Smart TV
The future's grim - researchers have discovered that malware has now made its way onto smart TVsiStock

It's official – you have lived to see the day that your television is now so smart that it can be hijacked, and traditional PC problems with malware and ransomware might soon become a problem in home entertainment too.

The year has only just begun, but already two separate security research firms have released updates about TV-based malware – one type that isn't really meant for TVs, and one type that is going to keep bothering users unless they become extremely vigilant with their smart TV security.

On 6 January, Reddit user moeburn posted that his sister had managed to get a virus on her LG Smart TV through the TV's built-in web browser. "She managed to get a DNS Hijacker that would say: 'Your computer is infected please send us money to fix it' any time she tried to do anything on the TV," he wrote, adding that the pop-up was definitely a virus that refused to go away until he reapplied factory settings to the entire TV.

One-size-fits-all malware

Malware seen on a LG smart TV
What the malware looks like on an LG smart TV (click to enlarge image)Kaspersky Lab

Security firm Kaspersky Lab was intrigued by moeburn's post and decided to investigate. They discovered that the malware was not specifically targeting the smart TV, but instead was designed to work on any device that had a web browser on it.

"[We] ran the file on a LG Smart TV and got the same result. It was possible to close the browser, but it did not change any browser or DNS settings. Turning [the TV] off and on again solved the problem as well. It is possible that other malware was involved in the case reported on Reddit, that changed the browser or network settings," researcher Dirk Kollberg wrote in a blog post.

"But remember, for example, that it's possible to install an app from a USB stick. If your TV runs Android, a malicious app designed for an Android smartphone might even work on your TV. In a nutshell, this case isn't malware specifically targeting Smart TVs, but be aware that such websites, as with phishing generally, work on any OS platform you're using."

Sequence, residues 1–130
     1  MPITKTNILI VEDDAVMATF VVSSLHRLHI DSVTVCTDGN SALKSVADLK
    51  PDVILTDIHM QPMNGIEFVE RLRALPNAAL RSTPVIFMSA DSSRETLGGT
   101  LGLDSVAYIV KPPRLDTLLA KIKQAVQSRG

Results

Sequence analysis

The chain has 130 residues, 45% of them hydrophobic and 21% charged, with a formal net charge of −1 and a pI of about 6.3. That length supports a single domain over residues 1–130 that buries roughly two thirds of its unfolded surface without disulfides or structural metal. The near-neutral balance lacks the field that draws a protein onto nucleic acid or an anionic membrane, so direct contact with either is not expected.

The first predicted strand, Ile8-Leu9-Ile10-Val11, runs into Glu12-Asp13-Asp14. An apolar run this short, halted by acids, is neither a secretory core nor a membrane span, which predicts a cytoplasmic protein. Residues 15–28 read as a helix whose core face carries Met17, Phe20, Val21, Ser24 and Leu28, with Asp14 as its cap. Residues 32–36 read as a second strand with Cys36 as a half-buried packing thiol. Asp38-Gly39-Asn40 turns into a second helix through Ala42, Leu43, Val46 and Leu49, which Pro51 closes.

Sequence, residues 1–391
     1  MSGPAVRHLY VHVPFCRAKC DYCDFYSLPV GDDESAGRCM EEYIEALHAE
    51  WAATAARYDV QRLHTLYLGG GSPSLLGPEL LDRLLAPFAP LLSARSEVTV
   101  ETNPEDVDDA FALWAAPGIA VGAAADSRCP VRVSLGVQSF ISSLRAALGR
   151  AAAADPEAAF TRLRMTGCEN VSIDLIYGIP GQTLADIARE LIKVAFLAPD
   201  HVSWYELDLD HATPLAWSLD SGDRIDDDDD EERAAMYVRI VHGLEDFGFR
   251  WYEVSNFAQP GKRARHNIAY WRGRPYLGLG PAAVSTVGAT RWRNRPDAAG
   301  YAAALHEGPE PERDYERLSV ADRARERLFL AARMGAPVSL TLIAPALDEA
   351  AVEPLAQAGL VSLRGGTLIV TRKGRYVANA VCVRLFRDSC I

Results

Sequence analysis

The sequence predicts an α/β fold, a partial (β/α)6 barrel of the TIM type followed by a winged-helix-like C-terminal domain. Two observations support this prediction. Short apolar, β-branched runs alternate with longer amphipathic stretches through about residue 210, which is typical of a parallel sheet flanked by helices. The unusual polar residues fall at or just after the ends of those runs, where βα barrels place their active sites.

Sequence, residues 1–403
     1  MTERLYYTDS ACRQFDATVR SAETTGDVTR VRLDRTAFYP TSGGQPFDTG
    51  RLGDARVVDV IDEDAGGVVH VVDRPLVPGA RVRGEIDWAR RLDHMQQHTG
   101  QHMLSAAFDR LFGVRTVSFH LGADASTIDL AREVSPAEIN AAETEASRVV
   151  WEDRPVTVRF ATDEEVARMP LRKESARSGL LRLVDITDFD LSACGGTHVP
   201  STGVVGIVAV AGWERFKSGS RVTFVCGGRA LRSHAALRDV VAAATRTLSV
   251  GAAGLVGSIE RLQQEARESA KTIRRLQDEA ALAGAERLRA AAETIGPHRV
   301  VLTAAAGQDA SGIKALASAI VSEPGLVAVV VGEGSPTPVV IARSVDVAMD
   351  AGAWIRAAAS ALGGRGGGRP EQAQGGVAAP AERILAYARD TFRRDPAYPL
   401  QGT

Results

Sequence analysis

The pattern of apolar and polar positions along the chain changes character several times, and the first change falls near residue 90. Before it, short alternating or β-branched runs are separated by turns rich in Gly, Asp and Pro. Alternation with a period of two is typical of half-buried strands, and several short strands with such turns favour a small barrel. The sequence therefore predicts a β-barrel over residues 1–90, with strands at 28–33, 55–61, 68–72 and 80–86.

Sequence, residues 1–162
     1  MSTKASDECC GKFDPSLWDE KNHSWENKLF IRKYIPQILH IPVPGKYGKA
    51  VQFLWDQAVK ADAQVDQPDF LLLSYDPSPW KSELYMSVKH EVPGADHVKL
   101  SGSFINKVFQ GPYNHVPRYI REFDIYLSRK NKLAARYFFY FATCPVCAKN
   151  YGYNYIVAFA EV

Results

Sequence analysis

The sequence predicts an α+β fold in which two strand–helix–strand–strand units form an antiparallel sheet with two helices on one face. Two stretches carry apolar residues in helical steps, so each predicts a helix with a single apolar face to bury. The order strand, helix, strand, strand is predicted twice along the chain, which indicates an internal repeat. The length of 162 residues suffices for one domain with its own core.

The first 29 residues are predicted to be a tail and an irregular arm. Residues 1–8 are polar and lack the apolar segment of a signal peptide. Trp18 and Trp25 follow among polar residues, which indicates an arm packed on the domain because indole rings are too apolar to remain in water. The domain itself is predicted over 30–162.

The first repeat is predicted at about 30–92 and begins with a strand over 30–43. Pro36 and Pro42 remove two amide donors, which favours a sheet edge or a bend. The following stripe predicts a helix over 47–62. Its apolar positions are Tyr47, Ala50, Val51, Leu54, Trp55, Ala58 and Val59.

Android-based smart TVs are at risk

Malicious smart TV apps
Malicious smart TV apps - to be safe, don't download apps from third-party websitesTrend Micro

Speaking of Android, security research firm Trend Micro recently found that many Android-based smart TVs are still running on older versions of Android before Lollipop 5.0, and malicious apps can abuse a flaw within these old versions of Android to hijack smart TVs to quietly install and serve other malware onto the TV.

"First, the attackers lure owners of smart TVs to the websites mentioned above and get them to install the apps infected with malware. Once these are installed, the attacker will trigger the vulnerability in the system. Well-known exploit techniques like heap sprays or return-oriented programming are used to gain elevated privileges in the system," Trend Micro's mobile threats analyst Ju Zhu wrote in a blog post.

Ju stressed that with elevated permissions, the attackers could install and even update malicious apps on the TV, and that since the apps are only downloaded via an unsecured HTTP connection, there is nothing to stop a second hacker from coming along and using a man-in-the-middle attack to gain control of all the malicious apps on the TV.

It would be useful for a second hacker to do this if the malicious apps installed were somehow serving ads and generating income for the first attackers.

Many users have no idea how to keep their smart TV updated

"While most mobile Android devices can easily be upgraded to the latest version, upgrading smart TV sets may be more challenging for users because they are limited by the hardware. As such, we recommend getting protection solutions installed instead and avoiding the installation of apps from third-party sites," said Ju.

His comments echo a Trend Micro report from December 2015 showing that up to 6.1 million devices in the world, including smart TVs, are currently at risk from remote code execution attacks, because many users never installed the patch for the exploit that was issued back in 2012.

Still, Kaspersky Lab offers some hope – criminals are still mostly focusing on PC and smartphone users because in general, not many people are using their smart TVs to read their email and it is difficult for malware to be compatible for all the different types of smart TV operating systems and hardware.